Postcards From The Past

I used to test motorcycles for a living. It was dangerous, fun and not very well paid. Out of the hundreds of motorcycles and scooters I had a spin on, here are a few which stuck in my memory, and why;

hayabusa-red2

Suzuki Hayabusa. Fast? Yep, warp friggin’ speed fast.

The Suzuki Hayabusa launch from 1998 at Bruntingthorpe was unforgettable. Jimmi from Fast Bikes spewed up in a car glove box on the way to the event, as he was still pissed from the free booze Suzuki’s PR specialists served up the night before.

I wasn’t feeling too clever and after getting my helmet visor hit by gravel at 150mph, as Shakey Byrne overtook me on the straight, I began to think one of us journos might die as we raced towards the speed trap at over 175mph. Then played chicken on the brakes. Things became so surreal that Chris `Crasher’ Moss from MCN declared the Busa was good enough to make a decent Proddie race bike.

I recorded a mere 194mph that day. Shakey did 202mph. Interestingly, the speedo on my bike was showing around 215mph at 190mph, which only goes to prove one thing; road tests are 90% bullsh** baby.

thunderclouds-nevada-rocketiii-small

Triumph Rocket Three belongs in the USA. Cinemascope motorcycling.

If ever a bike belonged in the Grand Canyon, the badlands of Missouri or cruising the Strip in Vegas, it was the Triumph Rocket III Touring. True, the motor is NOT a V8, but the pistons are from a Dodge Viper I believe and the way the three cylinder engine punches you towards the next horizon is deeply MoPar.

It drinks fuel. I recall filling the tank every 100 miles or so, but in the USA that doesn’t matter. It corners like a big sofa, but again, what difference does that make on an arrow straight road in Nevada? Lie back and enjoy the adventure, the sheer emptiness of the open road. There was a moment on the ET Highway, where I started singing Wanted: Dead or Alive by Bon Jovi, beneath the confines of my Arai. Think I got away with it…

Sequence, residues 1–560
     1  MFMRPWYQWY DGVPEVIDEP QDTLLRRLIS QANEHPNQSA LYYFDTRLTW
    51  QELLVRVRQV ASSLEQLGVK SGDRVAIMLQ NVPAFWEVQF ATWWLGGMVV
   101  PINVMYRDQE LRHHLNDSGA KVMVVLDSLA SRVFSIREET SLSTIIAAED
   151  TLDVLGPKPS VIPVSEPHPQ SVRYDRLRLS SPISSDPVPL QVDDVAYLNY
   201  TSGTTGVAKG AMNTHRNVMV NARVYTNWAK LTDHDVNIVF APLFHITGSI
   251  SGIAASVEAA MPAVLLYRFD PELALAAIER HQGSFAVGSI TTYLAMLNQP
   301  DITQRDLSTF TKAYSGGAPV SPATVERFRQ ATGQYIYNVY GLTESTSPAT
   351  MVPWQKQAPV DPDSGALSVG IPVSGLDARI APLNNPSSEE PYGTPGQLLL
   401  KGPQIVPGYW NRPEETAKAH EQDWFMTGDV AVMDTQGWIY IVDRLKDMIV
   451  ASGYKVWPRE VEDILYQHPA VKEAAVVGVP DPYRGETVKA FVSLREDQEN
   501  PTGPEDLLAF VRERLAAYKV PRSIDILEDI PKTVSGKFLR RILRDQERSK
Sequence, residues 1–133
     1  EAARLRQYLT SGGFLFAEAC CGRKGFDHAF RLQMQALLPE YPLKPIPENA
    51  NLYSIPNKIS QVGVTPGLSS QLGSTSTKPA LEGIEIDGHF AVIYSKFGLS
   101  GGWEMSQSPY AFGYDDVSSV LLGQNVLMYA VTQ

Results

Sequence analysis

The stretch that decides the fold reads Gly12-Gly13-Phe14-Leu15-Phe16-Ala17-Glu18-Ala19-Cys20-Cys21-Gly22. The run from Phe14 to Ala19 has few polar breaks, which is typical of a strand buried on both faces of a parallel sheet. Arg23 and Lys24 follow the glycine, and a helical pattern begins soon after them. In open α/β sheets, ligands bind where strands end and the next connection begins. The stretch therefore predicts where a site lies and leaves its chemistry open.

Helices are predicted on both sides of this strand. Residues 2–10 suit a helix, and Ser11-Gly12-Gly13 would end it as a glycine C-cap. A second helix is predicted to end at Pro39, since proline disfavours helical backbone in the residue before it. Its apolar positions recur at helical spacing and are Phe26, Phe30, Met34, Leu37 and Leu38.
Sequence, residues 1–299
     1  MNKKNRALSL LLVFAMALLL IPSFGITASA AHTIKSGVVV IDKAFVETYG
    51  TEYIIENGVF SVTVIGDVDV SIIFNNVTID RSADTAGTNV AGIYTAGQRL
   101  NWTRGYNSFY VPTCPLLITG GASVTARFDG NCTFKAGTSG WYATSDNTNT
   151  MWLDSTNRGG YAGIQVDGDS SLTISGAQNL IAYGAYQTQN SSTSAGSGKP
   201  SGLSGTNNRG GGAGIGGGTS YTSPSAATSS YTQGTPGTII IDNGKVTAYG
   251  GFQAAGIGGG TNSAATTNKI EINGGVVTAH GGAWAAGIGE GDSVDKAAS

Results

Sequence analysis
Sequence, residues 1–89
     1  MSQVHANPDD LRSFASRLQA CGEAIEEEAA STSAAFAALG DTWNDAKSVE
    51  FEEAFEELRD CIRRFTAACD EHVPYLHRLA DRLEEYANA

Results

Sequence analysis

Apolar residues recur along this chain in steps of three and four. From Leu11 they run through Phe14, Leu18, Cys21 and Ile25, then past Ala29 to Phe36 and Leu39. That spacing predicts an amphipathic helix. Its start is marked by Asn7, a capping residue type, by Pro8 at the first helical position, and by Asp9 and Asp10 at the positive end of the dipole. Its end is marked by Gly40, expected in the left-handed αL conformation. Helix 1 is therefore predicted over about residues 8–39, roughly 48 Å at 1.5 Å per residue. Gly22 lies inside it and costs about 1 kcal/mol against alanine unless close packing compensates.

ducati-1098r-stat-1

1098 Ducati – dream on track, nightmare on UK roads.

You know when you meet one of your heroes and it’s a great disappointment? Well the same thing happened with the Ducati 1098.

I loved its sheer Sophia Loren curvaceous beauty, drooled over the tech spec when Ducati’s PR team sent over the promo blurb and couldn’t wait to test the bike. As a lowly scum internet editor back in the 2000s, I wasn’t allowed on the flashy press launch, so instead had to book a week’s road test.

Rarely have I felt such pain in my neck and back, (and I’ve attended many of Max Mosley’s finest evening soirees,) and the number of times the bike almost wrenched its handlebars from my grip, as the rock solid suspension bumped and thumped over pot-holes was a constant unsettling annoyance. You simply didn’t trust the bike to behave at speed, as it reacted to every piss-poor road repair, thickly painted whiteline, or drainage grid. The 1098 was incredibly hard work in traffic too; a lumpy low end power delivery and a clutch that seemed extremely sensitive and fragile.

In short, a fantastic track bike, a pure racer. But a total bag of nails on the A41 during a showery day in April. You could cover ground quicker on a ten year old 748. Like so many exotic motorcycles, the 1098 was more show than go, a medallion man machine for those blokes who feel the need to say “I’m considerably richer than yow” at biker hang outs.

Ridden an unforgettable steed? Post a comment below.

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